Highbush cranberry (Viburnum edule)
Gitxsan name: sgants'idipxst or ts'idipxst
Wet'suwet'en name: tsalhtse
- straggling to erect shrub, 0.5-2.5 metres tall, with smooth, reddish bark
- three lobed, sharply toothed leaves that are hairy underneath with a pair
of teeth near the junction of the blade and stem
- small cluster of white flowers
- one-seeded, red or orange, berrylike drupes, edible, juicy, acid and tart
- musky-sour odor in fall
- found in moist forest, seepage areas, swamps and streambanks
- low to medium elevations
Photo courtesy of Jim Pojar (61kB)
The berries were collected in the fall after being sweetened by the
frost. They were eaten fresh, or mixed with oolichan or bear grease. Infusions of the bark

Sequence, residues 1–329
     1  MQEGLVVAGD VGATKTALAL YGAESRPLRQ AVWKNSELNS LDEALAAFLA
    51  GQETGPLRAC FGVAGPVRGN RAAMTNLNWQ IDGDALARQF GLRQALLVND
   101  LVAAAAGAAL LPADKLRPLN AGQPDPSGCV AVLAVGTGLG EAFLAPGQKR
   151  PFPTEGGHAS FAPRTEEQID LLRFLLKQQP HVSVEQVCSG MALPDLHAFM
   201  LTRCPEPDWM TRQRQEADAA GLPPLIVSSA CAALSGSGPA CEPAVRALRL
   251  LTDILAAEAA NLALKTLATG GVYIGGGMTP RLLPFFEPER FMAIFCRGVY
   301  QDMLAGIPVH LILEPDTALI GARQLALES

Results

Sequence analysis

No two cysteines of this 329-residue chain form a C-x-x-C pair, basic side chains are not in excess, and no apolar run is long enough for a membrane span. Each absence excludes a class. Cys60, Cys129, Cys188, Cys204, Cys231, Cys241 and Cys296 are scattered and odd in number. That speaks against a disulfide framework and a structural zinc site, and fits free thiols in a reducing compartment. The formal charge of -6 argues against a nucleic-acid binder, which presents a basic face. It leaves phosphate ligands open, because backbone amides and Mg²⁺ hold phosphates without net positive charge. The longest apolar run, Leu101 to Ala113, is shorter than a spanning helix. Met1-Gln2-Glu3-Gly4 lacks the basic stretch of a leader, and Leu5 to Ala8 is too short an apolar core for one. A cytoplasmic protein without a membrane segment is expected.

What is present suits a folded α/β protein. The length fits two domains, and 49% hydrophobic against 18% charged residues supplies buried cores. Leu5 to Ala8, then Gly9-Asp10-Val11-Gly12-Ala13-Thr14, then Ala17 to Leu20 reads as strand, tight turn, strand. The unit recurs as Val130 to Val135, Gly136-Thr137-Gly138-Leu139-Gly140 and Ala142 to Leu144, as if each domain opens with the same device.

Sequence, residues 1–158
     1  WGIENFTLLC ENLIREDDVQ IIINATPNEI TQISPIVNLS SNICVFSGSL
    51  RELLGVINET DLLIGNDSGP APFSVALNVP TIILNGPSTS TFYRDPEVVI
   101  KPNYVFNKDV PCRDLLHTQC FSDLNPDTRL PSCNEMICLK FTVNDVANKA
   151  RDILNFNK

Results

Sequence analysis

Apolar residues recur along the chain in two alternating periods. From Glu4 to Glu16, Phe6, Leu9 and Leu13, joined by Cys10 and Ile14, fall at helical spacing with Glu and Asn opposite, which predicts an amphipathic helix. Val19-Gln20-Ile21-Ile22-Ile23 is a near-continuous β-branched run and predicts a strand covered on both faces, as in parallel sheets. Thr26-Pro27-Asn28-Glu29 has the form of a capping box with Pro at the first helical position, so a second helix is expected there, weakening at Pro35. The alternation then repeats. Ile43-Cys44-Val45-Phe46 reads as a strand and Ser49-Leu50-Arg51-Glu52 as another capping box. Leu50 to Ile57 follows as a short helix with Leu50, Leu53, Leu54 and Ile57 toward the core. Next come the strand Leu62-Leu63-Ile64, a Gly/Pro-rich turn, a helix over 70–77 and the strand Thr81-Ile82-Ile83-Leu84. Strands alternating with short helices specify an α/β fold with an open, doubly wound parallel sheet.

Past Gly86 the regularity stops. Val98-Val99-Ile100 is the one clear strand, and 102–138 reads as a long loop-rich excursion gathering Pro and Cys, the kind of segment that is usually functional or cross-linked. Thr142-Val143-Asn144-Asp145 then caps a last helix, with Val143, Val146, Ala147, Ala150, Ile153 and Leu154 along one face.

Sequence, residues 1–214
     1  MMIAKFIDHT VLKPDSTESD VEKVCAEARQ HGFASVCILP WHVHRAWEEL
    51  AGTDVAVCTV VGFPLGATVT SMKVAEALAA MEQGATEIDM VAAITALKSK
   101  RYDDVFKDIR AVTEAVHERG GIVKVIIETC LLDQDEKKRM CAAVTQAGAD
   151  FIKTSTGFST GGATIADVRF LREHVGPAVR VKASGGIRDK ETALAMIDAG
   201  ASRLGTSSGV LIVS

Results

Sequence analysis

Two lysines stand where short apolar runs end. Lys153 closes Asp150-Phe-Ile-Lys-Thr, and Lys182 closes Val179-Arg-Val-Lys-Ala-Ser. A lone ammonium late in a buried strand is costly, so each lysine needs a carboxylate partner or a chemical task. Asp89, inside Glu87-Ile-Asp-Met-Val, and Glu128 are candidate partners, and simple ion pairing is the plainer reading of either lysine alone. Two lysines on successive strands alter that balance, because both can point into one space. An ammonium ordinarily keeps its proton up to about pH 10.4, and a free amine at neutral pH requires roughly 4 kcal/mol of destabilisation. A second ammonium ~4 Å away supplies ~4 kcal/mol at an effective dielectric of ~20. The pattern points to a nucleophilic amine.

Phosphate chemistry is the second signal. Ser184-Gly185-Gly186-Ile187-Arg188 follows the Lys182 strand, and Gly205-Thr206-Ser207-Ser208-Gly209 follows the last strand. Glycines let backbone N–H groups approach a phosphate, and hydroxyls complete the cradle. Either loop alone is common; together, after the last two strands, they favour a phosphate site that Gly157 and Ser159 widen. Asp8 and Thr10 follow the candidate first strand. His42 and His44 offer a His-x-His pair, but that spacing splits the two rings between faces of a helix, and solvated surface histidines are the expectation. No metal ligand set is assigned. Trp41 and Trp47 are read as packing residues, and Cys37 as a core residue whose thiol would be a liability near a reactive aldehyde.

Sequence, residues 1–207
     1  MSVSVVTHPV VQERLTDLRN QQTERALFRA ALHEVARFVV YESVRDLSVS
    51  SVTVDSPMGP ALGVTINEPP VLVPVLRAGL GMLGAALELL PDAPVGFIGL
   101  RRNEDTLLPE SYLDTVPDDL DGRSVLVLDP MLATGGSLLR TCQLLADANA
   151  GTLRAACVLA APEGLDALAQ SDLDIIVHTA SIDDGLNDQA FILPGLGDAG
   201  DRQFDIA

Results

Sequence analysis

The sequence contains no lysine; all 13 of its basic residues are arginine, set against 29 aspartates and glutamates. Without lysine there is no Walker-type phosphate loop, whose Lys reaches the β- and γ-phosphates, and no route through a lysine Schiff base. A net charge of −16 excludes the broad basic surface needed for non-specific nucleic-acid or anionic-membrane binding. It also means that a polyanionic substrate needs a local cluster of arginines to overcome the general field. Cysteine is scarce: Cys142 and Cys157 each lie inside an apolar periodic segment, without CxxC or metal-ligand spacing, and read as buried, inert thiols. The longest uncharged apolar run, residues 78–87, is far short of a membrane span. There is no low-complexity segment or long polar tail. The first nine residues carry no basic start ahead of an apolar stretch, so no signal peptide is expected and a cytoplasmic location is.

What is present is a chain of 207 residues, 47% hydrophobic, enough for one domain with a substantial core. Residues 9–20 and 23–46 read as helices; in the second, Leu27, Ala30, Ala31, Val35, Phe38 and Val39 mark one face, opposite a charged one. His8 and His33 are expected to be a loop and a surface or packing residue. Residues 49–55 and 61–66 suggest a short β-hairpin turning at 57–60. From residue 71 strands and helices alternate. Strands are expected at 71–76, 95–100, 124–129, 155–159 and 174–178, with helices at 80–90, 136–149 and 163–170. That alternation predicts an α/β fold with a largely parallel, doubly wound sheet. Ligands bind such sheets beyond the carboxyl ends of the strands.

and twigs were drunk for coughs, tuberculosis, pneumonia and an unidentified illness
referred to as "blood spitting".
The berries were never dried, but fresh berries could be preserved over
the winter by placing them in a box with oolichan grease.
The Wet'suwet'en smoked the bark of the highbrush cranberry to ease
This digital collection was produced under contract to the SchoolNet
Digital Collection Program, Industry Canada.